I went to Hollywood and they treated me like a star author! Yup, I went there for a FREE conference (with 125 other published authors) sponsored by Sisters of Crime. I paid only for my way to Hollywood (I went by train); I also paid for my three night stay at the Hilton, a most luxurious hotel, with an extraordinary staff. The food served, three breakfasts and two big lunches, was free and delicious!
We benefited from excellent sessions, led by generous, interesting folk from the industry, and beheld a fascinating big picture of how Hollywood works. What’s more, I pitched my funeral planner suspense series to an Executive Producer of Lifetime…and did not choke!
How to pitch
How to build great characters through a series
Process from page to screen
Getting past the gatekeepers
Development to green light
Negotiating the sale
Putting it all together: author, screenwriter, director, actor
Producers, agents, managers, actors, an entertainment attorney, and screenwriters spoke to us on all aspects of the business of making movies, features and TV shows. Our last speaker combined almost all the roles I’ve just mentioned. Alison Sweeney writes mystery novels now, while she raises two children (husband is a detective), along with producing Murder She Bakes, a series on Lifetime Channel. She’s also the lead actor in the series and script writer. All the shows are based on Joanna Fluke’s popular mystery/baking novels.
My Take-Away’s from the three days:
#1 Welcome to Chaos
Hollywood is in turmoil much like the book-publishing industry. Changes in technology, multi-production companies, often international, and new platforms like Netflix, HBO and Amazon, are changing the look of the industry. No one is sure what will happen next! (I like this dust-up because we might sneak into the fray, but then, that’s the positive in me J)
#2 Sell lots of books and get lots of reviews
Producers want a book/concept that’s proven to appeal to readers. They ask for LOTS of books sold, along with many reviews from satisfied readers. They even want a marketing plan from the author/agent. Series sell, especially if the hero or heroine continues through the series.
#3 Gatekeepers abound in Hollywood, even more than in the book-publishing industry. The process is slower and more convoluted than it’s ever been. You have to have an agent, preferably with Hollywood connections & know-how, before you make deals (and an entertainment attorney watching out for you). Contract options have money and renewal clauses attached, but the author has no way to know how long or if ever her book will be made into a feature, movie or TV show. Think two years duration, if you are lucky!
#4 Contacts Matter
You need an advocate! Your best way in might be to find a producer or manager (young and hungry) who will champion your concept. Don’t give up on coming in the back door!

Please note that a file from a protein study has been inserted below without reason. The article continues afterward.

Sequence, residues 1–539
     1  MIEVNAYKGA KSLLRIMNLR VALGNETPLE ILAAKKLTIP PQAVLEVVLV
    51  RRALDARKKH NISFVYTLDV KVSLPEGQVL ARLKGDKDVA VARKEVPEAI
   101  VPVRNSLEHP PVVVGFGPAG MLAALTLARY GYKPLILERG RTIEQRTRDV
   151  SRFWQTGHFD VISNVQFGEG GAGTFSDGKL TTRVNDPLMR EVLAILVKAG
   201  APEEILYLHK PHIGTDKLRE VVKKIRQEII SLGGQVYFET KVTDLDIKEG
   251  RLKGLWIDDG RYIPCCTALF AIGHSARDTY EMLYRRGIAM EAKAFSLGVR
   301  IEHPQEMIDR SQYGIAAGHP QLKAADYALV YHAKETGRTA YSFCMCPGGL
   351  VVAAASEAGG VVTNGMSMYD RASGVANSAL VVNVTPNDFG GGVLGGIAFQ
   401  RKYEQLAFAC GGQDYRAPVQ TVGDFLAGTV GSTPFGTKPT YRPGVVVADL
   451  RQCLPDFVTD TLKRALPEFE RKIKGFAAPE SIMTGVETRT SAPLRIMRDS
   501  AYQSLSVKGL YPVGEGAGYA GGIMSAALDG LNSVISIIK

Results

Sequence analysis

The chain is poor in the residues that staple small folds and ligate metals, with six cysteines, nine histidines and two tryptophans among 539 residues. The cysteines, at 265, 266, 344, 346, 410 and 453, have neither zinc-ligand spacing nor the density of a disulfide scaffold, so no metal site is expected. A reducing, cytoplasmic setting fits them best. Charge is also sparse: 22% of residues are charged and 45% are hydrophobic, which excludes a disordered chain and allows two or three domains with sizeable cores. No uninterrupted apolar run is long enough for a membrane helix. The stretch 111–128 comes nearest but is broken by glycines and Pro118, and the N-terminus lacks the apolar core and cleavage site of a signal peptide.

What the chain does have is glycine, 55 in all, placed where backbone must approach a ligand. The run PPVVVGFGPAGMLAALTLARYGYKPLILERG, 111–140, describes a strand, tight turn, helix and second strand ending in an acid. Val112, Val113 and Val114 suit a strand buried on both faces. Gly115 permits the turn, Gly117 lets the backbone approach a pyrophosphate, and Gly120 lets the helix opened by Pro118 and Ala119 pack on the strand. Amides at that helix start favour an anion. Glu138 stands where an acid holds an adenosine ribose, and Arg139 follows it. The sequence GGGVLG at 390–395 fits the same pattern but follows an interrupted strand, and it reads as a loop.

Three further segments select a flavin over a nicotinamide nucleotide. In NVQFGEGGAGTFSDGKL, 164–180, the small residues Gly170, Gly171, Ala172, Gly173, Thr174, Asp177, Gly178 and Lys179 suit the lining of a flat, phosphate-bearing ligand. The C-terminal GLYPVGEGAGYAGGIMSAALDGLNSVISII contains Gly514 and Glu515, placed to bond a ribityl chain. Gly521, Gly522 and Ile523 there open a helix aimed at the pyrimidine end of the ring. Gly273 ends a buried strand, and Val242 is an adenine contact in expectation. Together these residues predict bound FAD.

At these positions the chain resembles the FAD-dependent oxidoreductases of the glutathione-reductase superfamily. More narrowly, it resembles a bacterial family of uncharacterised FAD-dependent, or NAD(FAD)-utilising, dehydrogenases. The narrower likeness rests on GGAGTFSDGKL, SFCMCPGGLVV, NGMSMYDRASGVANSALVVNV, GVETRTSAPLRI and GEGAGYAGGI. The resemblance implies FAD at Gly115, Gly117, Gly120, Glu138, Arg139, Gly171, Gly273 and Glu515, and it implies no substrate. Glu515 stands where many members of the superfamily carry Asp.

#5 No one knows what the next big trend will be
All entities in the business were unsure about what’s next in the biz. When Reese Witherspoon bought Gone Girl after everyone else rejected it (because the novel was too dark), she changed up the business. This article on Reese and her production company will help you understand the big change-up in the market...and how a book gets to Hollywood faster, these days: http://www.wsj.com/articles/reese-witherspoons-new-role-power-broker-1460054342
#6 Bright Spots?
-Wealthy actors are buying scripts and pushing their projects along faster than Hollywood usually moves
-Producers are hungry for the next big concept. You could go to them directly and they might be eager to push your idea.
-With Amazon and Netflix and other platforms in the mix, exciting things could happen
-Ask yourself: WHAT SETS MY CHARACTERS AND IDEAS APART? What am I not seeing-in the industry-that I’d like to see? What do I have authority on that no one else does? (e.g. Take a classic and reboot it!)
-READ THE SCRIPTS OF MOVIES YOU LOVE (which are like your books.) Pick the producers, directors and agents who will push/create stories like yours!
For those of us who have pitched our books to agents and publishers, Hollywood is a parallel universe. Know who you are pitching to and what they are looking for. Producers and agents in Hollywood want you to tell them the through-line or ‘spine’ of the series you are presenting. Example: in Mad Men the spine is “a man who is afraid of being found out that he’s a liar.” His underlying self-esteem problem tracks throughout the series.
Pitch a logline/hook
Pitch character (through-line/spine)
#8 Next steps (if you’re still in!):
-Read the trade journals to find your niche (match your book with a director/producer); sign up with IMDB-Pro…do a month free…join
-Get screenplays of the movies your directors/producers are doing and read them; think of actors to play your characters….approach these people with your project
-Find an advocate/agent
-Increase your sales, reviews, awards; develop a marketing plan
-Negotiate options carefully; use an entertainment attorney
Boutique funeral planners morph into a quirky detective agency, exposing secrets of the dead. The heroine, with a fainting disorder, has prescient faint dreams; the hero is a muck-raking journalist. Add: blind forensic investigator, embalmer, retired Army general, and a service dog.